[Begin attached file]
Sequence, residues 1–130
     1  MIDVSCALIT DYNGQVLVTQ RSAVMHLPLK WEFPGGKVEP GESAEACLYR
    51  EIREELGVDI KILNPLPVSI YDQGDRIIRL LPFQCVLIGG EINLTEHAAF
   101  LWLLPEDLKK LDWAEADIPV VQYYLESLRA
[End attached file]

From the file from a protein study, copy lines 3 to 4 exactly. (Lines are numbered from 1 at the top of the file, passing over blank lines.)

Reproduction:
    51  EIREELGVDI KILNPLPVSI YDQGDRIIRL LPFQCVLIGG EINLTEHAAF
   101  LWLLPEDLKK LDWAEADIPV VQYYLESLRA